ISCA Archive SUS 1995
ISCA Archive SUS 1995

How do people cope with stress in the use of speech recognition?

Chris Baber, Claude Legros

Aims of Discussion: to consider the different strategies that people adopt in stress conditions; to relate the experience of discussants in dealing with stress conditions; to outline possible solutions to the problems of stress, particularly in terms of the interaction between users and speech recognition devices.

Outline of key topics

It is clear that various forms of stress can have an adverse affect on the success of speech recognition systems. The workshop has considered a number of different forms of stress, e.g., environmental stress such as noise, emotional stress, workload stress. Each of the different types of stress appears to share some general effects and to have some effects peculiar to the form of stress. The effects can be considered in terms of the consequences for speech recognition performance, the consequences for human-computer interaction, and the consequences for human performance. For instance, consider vibration as a form of stress: the performance of the recogniser might be impaired by the mechanical effects of vibration, the human-computer interaction might be impaired by the instability of the speaker's voice, in terms of human performance control of motor and visual response might be impaired. In this instance, the problem of coping with stress would appear to be less one of adapting human behaviour (as the effects of stress would appear to lie outside the person's control) and more in one of adapting the technology. On the other hand, the effects of some forms of stress do have the potential to be modified by the person, e.g., in terms of noise, the effects on human performance can be overcome by adoption of an appropriate strategy, while the effects of human-computer interaction can be approached using appropriate algorithms to deal with phenomena such as the Lombard effect. This implies that people are, within some limits, able to modify the effects of stress on their performance and on their production of speech, and that it may be possible for system design to capitalise on predictable relationships between stress, performance and speech recognition.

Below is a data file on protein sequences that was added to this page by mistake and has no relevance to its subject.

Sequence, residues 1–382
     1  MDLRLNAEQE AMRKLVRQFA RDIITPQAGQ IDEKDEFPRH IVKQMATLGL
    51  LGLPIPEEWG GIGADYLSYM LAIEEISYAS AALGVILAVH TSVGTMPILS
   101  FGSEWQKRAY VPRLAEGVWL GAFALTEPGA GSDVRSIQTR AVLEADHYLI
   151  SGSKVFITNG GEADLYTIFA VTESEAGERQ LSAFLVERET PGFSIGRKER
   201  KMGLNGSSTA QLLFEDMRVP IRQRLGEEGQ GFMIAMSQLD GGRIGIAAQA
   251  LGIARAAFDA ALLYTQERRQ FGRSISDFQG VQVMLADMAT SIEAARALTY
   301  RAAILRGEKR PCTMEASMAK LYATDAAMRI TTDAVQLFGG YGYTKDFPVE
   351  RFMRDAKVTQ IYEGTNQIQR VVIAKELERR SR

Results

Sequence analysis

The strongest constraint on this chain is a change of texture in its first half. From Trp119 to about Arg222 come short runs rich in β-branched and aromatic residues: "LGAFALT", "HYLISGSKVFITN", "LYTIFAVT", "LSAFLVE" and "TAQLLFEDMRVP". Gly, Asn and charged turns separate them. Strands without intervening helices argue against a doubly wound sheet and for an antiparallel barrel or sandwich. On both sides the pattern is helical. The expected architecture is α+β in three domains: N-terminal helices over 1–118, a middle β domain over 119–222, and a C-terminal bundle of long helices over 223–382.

People attending this discussion are asked to bring with them examples of applications and work that they have been involved in or know about in which stress has had an impact on both speech recognition performance and human performance. From these examples, the discussion will seek to develop possible causes of the problems and possible solutions for future developments.


Cite as: Baber, C., Legros, C. (1995) How do people cope with stress in the use of speech recognition? Proc. ESCA/NATO Workshop on Speech under Stress, 101 (abstract)

@inproceedings{baber95c_sus,
  author={Chris Baber and Claude Legros},
  title={{How do people cope with stress in the use of speech recognition?}},
  year=1995,
  booktitle={Proc. ESCA/NATO Workshop on Speech under Stress},
  pages={101 (abstract)}
}